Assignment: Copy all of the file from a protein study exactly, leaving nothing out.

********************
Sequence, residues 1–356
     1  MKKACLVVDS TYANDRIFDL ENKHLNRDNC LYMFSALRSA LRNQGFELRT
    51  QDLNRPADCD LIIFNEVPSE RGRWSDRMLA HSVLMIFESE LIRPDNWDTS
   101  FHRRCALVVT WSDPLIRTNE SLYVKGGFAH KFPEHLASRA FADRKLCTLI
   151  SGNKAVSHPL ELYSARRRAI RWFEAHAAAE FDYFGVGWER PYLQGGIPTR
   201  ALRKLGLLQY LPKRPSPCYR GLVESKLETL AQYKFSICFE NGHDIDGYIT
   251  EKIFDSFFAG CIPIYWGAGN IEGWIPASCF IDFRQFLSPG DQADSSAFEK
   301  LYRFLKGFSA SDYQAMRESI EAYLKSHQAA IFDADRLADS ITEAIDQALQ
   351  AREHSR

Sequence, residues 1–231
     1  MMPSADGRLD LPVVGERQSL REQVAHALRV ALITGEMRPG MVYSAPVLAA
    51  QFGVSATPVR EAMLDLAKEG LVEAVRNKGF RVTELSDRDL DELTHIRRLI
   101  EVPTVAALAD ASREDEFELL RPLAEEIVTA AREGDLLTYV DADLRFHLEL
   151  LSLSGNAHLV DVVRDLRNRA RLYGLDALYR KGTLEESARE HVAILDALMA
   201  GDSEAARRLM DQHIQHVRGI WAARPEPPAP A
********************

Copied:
Sequence, residues 1–356
     1  MKKACLVVDS TYANDRIFDL ENKHLNRDNC LYMFSALRSA LRNQGFELRT
    51  QDLNRPADCD LIIFNEVPSE RGRWSDRMLA HSVLMIFESE LIRPDNWDTS
   101  FHRRCALVVT WSDPLIRTNE SLYVKGGFAH KFPEHLASRA FADRKLCTLI
   151  SGNKAVSHPL ELYSARRRAI RWFEAHAAAE FDYFGVGWER PYLQGGIPTR
   201  ALRKLGLLQY LPKRPSPCYR GLVESKLETL AQYKFSICFE NGHDIDGYIT
   251  EKIFDSFFAG CIPIYWGAGN IEGWIPASCF IDFRQFLSPG DQADSSAFEK
   301  LYRFLKGFSA SDYQAMRESI EAYLKSHQAA IFDADRLADS ITEAIDQALQ
   351  AREHSR

Sequence, residues 1–231
     1  MMPSADGRLD LPVVGERQSL REQVAHALRV ALITGEMRPG MVYSAPVLAA
    51  QFGVSATPVR EAMLDLAKEG LVEAVRNKGF RVTELSDRDL DELTHIRRLI
   101  EVPTVAALAD ASREDEFELL RPLAEEIVTA AREGDLLTYV DADLRFHLEL
   151  LSLSGNAHLV DVVRDLRNRA RLYGLDALYR KGTLEESARE HVAILDALMA
   201  GDSEAARRLM DQHIQHVRGI WAARPEPPAP A